On the match days, though, every bit of luck went Australia’s way beginning with the toss. “We’re going to bat today, mate,” said Ponting. “The wicket looks pretty good, a bit of moisture this morning. We played well in Melbourne but that’s all behind us now. We created momentum and hope to do the same. It was as good Test cricket as we’ve played in a long time.”

Anil Kumble looked calm and confident. “There’ll be early juice in the wicket; I’m looking forward to a couple of early wickets,” Cricinfo’s commentary said. The attack was RP Singh, Ishant Sharma, Harbhajan Singh and Anil Kumble. RP got both the openers cheaply and then Ponting and Hussey consolidated but from 119 for 2 in 29.4 overs Australia slumped to 134 for 6 in 34.5 overs. Brad Hogg joined Symonds, who had seven runs from 17 balls, and the counterattack started.

At the end of 46 overs Hogg was 35 and Symonds 29 when Ishant came in to bowl the 47th over with Australia on 191. At 193 for 6 on the fourth ball of Ishant Sharma, Symonds got a massive edge and looked back as Dhoni pouched it. Umpire Steve Bucknor was stone faced as Symonds looked at him. It was a giveaway. Australia ended up with 463 and Symonds added 132 more to his score of 30 when he had got that big let-off. On top of that the drama of a ‘reported incident’ at the end of the third day’s play meant that news agencies had a field day. That continued for a while.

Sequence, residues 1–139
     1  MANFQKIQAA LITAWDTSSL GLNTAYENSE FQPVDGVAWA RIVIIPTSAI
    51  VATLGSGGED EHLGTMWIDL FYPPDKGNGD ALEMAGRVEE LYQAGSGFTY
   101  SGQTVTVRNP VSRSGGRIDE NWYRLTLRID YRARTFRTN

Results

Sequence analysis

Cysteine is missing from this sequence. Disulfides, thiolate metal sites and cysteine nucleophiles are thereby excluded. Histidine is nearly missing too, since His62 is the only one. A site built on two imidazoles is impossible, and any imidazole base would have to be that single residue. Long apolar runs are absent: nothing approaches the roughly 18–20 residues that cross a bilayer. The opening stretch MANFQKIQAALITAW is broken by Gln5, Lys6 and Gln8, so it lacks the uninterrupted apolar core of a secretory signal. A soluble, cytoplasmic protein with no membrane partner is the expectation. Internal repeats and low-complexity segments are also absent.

To cut the long story short, Australia went on to win the game as India failed to survive over two and a half sessions on the last day and the team trailed 2-0 in the four Test series with the next match to be played in the Australian den at Perth.

Sehwag and Irfan Pathan got in the playing eleven and Harbhajan was out in the cold awaiting the decision of a judge after the acrimonious Sydney Test. Australia crumbled despite talks of a four-pronged pace attack and the two replacements justified their inclusion for India. That bit was Kumble’s leadership and India haven’t looked back since and beaten Australia 2-0 at home and won a series against England at home. There has been a 1-1 draw against South Africa at home. The only blip has been a 2-1 loss in Sri Lanka. Symonds has gone fishing or has hit the bar a bit more than the leadership group of the team would have wanted him to. He’s had the support of the captain and the team mates but he has found it hard to justify it.

Gary Kirsten had joined the team in Perth and one can hear about the value that he has added as players have been very vocal about his role even as he has been quiet about it. This year India has dominated and had a series win in New Zealand and now an emphatic 2-0 win against Sri Lanka at home. It is the Test matches that matter but we are just playing two more so the top ranking could be for just a short while; it is worth celebrating nonetheless.